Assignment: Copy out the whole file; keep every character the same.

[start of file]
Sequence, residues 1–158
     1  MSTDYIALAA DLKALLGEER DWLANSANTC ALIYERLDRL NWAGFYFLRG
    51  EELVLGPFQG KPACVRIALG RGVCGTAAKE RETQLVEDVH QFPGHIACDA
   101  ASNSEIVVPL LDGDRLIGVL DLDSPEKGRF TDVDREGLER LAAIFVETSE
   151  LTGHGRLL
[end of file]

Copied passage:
Sequence, residues 1–158
     1  MSTDYIALAA DLKALLGEER DWLANSANTC ALIYERLDRL NWAGFYFLRG
    51  EELVLGPFQG KPACVRIALG RGVCGTAAKE RETQLVEDVH QFPGHIACDA
   101  ASNSEIVVPL LDGDRLIGVL DLDSPEKGRF TDVDREGLER LAAIFVETSE
   151  LTGHGRLL